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The Holdovers (A Movie Review)


Starring Paul Giamatti, Da'Vine Joy Randolph, Dominic Sessa, Carrie Preston, Brady Hepner, Ian Dolley, Jim Kaplan, Michael Provost, Andrew Garman, Naheem Garcia, Stephen Thorne, Gillian Vigman, Tate Donovan, Darby Lily Lee-Stack, Bill Mootos, Dustin Tucker, Juanita Pearl, Alexander Cook, Liz Bishop, Cole Tristan Murphy, Will Sussbauer and Carter Shimp.

Screenplay by David Hemingson.

Directed by Alexander Payne.

Distributed by Focus Features. 133 minutes. Rated R.

Screened at the 2023 Philadelphia Film Festival.

I saw quite a few films at this year’s Philadelphia Film Festival. Some of them were very good. Others were kind of a disappointment. A couple of them I actively disliked. However, I can say one thing with complete confidence: The Holdovers was the best, most enjoyable film that I saw at this year’s fest. By far.

The Holdovers reunites actor Paul Giamatti and director Alexander Payne, nearly 20 years after working together on their Oscar nominated film Sideways. (It got five nominations including Best Picture. Payne won the Oscar for Best Adapted Screenplay.)

The Holdovers may even be a better film than Sideways.

The Holdovers takes place in the early 1970s – specifically the holiday season leading from 1970 into early 1971 – and it feels like a film from that decade, arguably the best ten years of moviemaking in film history. Specifically, this film is reminiscent of the work of the late, great Hal Ashby, who spent that decade making the classic films Harold and Maude (1971), The Last Detail (1973), Shampoo (1975), Bound for Glory (1976), Coming Home (1978) and Being There (1979).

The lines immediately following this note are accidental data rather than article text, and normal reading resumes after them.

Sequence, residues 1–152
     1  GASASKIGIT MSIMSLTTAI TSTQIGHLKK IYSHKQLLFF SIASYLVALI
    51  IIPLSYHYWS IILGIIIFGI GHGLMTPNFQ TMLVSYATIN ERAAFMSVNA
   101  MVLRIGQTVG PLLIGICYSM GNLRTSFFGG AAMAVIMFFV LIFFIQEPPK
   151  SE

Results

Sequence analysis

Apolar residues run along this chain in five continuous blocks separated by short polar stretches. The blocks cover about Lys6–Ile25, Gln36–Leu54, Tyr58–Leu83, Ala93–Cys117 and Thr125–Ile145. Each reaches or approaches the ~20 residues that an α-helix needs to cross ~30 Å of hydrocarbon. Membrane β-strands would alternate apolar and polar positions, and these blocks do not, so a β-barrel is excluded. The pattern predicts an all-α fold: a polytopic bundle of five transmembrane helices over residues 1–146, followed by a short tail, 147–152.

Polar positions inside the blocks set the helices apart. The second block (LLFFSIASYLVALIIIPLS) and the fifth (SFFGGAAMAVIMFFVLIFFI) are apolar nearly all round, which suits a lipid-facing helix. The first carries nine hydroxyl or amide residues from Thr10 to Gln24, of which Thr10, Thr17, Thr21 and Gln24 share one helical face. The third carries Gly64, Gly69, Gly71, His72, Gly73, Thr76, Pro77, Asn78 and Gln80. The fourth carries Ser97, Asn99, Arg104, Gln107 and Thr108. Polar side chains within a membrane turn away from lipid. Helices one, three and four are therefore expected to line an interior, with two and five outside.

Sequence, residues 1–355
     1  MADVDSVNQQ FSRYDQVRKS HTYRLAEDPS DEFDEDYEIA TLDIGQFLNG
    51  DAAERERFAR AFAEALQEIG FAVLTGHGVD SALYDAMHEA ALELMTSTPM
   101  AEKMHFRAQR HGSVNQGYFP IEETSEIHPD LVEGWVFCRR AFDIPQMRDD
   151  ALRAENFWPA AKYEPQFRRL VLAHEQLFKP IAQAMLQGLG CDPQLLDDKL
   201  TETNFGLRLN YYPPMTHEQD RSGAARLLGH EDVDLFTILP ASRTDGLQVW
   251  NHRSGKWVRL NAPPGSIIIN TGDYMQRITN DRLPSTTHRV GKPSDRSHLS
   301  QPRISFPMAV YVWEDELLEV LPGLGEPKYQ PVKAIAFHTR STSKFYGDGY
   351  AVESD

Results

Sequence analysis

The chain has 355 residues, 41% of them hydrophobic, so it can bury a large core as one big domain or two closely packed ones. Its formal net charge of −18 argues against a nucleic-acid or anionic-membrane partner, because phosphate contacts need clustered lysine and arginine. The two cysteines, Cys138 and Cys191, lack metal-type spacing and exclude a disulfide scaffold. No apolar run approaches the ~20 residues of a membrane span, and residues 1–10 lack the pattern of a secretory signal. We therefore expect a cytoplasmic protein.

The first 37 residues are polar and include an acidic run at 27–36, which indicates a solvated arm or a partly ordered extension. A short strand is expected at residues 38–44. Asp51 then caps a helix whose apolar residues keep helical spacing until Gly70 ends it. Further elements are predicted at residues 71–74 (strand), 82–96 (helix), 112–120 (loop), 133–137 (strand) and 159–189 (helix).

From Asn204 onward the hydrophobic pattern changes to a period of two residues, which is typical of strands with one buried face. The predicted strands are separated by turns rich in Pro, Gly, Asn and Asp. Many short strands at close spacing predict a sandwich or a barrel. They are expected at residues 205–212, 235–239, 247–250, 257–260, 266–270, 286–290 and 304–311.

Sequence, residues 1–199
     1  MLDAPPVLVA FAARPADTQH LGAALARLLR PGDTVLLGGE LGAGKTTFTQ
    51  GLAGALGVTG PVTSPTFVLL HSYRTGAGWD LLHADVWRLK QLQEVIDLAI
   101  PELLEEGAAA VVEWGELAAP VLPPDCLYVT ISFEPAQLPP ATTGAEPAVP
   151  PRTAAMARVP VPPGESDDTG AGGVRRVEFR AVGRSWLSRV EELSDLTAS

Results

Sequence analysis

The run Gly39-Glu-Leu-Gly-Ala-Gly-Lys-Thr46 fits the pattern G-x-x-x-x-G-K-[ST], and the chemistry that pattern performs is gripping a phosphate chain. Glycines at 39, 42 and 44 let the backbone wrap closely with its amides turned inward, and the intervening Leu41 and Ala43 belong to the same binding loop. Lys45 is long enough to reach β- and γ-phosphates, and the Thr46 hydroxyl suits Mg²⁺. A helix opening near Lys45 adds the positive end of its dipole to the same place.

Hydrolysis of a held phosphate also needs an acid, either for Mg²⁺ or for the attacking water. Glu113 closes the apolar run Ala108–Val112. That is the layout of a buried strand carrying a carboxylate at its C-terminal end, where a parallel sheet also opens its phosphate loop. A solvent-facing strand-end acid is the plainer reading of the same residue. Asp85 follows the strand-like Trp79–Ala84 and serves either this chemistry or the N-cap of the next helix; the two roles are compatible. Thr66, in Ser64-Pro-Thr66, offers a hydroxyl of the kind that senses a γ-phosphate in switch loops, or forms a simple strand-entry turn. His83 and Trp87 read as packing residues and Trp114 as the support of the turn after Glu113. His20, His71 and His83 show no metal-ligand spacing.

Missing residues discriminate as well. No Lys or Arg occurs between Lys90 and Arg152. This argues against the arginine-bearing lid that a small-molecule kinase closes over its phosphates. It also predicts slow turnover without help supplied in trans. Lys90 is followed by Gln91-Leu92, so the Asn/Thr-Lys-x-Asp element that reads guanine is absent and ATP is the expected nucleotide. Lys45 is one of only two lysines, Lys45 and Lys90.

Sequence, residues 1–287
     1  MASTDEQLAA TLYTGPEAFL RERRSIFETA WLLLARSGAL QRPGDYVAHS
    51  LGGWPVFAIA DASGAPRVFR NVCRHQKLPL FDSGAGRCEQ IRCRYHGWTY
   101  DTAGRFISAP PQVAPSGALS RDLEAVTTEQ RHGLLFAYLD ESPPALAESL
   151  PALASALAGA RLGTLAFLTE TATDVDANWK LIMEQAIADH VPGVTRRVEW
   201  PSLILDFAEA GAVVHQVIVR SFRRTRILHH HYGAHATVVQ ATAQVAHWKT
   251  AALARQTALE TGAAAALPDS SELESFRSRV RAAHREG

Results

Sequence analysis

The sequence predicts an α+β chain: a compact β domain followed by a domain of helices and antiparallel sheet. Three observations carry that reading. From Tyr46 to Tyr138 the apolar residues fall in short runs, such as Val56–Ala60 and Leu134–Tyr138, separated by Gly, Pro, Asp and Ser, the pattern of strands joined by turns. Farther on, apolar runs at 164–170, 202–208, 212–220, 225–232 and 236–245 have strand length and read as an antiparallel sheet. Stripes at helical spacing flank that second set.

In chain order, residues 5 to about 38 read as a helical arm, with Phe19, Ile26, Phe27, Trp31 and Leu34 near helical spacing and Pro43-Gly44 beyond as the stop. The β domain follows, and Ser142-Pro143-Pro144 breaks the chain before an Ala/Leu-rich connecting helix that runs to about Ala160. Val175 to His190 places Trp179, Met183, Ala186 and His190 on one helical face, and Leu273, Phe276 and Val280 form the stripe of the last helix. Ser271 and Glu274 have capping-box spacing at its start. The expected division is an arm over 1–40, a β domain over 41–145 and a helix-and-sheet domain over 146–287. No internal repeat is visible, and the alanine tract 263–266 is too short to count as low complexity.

The film takes place in a stuffy old boy’s boarding school in New England. Paul Hunham (Giamatti) is a former student who landed there as a teacher after college. However, he’s been there for decades, and if he ever enjoyed teaching, that was long ago now. He is completely jaded and angry about life and school politics, and he tends to take his bitterness out on his students, which has made him the most disliked teacher on campus.

Every year during the week from Christmas to New Years, the school is closed as the students return home to spend the holidays with their families. The holdovers referred to in the title refer to those few students who have nowhere to go. They must stay on campus under the supervision of one teacher, and the boarding school’s petulant principal has assigned this task to Hunham as revenge for Hunham flunking the child of one of the school’s biggest benefactors.

Also staying to prepare food is Mary Lamb (Da’Vine Joy Randolph), a cafeteria worker who is in mourning for her son, who was recently killed in Vietnam. Therefore the solitude of spending the break at the mostly empty school appeals to her.

At first there are about six or seven boys stuck there, but one of the boys’ rich fathers agrees to take the boys on a skiing holiday. Only one boy is unable to reach his parents for permission, Angus Tully – played by first-time film actor Domenic Sessa, who was discovered in a similar school’s acting program.

Therefore the three of them must try to co-exist over the week.

Professor Hunham and Tully in particular tend to chafe upon each other. (Mary mainly seems to be a peacekeeper.) Tully acts out and Hunham tries with little success to punish him and keep him occupied. However, slowly but surely, they get to know each other a bit and realize that they are more alike than they want to admit. They start to spend a bit of time off campus and learn about each other, coming to have a grudging respect for each other, even kind of (gulp!) liking each other.

I won’t go into the adventures (if you could call them that) that they come to experience in this time when they are mostly cut off from the rest of the world. All I will say is that this is a look at lonely people and losers which manages to be heartwarming without straying into sappiness.

Sometimes certain people – and certain movies – slip into your life with little warning or expectation and they open you up to bigger and better things. The Holdovers is one of those films. I hope you invite it into your lives with open arms.

Jay S. Jacobs

Copyright ©2023 All rights reserved. Posted: November 10, 2023.

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